MEPS 152:119-130 (1997)  -  doi:10.3354/meps152119

Massive corals are regularly spaced: pattern in a complex assemblage of corals

Endean R, Cameron AM, Fox HE, Tilbury R, Gunthorpe L

In November 1994, 955 colonies of scleractinian coral occupied approximately 17% of a 15 x 7 m study area which formed part of an intertidal platform near the reef crest at Heron Island Reef off the NE Australian coast. Of these colonies 468 (49%) were massive corals and 487 (51%) were non-massives. When 50 colonies belonging to unidentified species of Porites were excluded there remained 418 massive corals belonging to 28 species and 12 genera. Twenty of these species were represented by fewer than the mean number of 13 colonies and 44% of all colonies of the massive corals present belonged to the species Favites abdita, Montastrea curta and Montastrea annuligera. Although the colonies of massive corals rarely exceeded 50 cm in diameter, they fell into a wide range of sizes. However, the majority of colonies of most species had diameters >10 cm. Mean annual growth rates varied among species and among colonies of the same species but for most colonies was <=0.5 cm in diameter yr-1. The total number of colonies of massive corals (excluding colonies of the genus Porites) increased from 382 to 418 from November 1991 to November 1994, with settlement slightly in excess of mortality each year. However, the total area occupied by massive corals remained essentially constant during this period. Most species of massive corals showed no mortality and the low mortality exhibited by each of the remaining species was compensated for by settlement of new colonies. The massive coral colonies were regularly spaced, with a mean centre to centre spacing distance of 27.5 ± 15 cm (SD), a mode of 17 cm and a median of 24 cm. Nearest neighbours were rarely of the same species. We propose that the establishment and maintenance of a structural matrix of massive coral colonies exhibiting the regularly spaced pattern described are based on the release of allelochemicals from these colonies.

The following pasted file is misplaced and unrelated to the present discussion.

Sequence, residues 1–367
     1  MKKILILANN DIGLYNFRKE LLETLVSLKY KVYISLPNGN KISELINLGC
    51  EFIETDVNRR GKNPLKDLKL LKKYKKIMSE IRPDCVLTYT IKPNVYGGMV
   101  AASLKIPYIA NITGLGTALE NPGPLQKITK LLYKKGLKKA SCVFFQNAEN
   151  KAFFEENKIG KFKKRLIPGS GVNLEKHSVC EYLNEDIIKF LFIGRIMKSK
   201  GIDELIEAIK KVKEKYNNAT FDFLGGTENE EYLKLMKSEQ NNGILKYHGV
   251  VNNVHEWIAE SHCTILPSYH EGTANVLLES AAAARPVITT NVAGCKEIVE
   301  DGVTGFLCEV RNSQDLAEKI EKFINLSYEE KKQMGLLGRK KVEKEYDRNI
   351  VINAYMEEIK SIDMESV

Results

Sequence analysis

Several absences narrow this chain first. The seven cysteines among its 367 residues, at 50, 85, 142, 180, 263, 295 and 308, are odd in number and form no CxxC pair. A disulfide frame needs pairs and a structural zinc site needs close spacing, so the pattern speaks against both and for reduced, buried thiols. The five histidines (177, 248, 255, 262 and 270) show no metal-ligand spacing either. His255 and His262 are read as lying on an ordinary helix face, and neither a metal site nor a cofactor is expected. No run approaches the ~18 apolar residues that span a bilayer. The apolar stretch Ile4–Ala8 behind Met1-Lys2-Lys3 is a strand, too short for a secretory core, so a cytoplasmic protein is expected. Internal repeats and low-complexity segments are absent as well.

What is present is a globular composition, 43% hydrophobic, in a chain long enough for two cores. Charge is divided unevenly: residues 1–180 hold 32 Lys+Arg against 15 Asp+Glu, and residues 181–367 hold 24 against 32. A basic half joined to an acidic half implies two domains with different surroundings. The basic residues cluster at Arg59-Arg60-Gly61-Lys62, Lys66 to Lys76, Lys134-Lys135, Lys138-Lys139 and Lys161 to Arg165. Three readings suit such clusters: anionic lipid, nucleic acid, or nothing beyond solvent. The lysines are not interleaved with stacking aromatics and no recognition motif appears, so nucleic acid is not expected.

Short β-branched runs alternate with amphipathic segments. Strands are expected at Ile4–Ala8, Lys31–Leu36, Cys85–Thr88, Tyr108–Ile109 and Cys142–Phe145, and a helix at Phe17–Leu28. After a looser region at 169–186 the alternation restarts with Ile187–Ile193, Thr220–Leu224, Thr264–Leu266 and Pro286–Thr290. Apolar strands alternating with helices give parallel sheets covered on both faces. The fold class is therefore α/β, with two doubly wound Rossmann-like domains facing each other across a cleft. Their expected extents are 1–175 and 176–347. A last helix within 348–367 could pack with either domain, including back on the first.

Community structure · Massive corals · Regular spacing pattern

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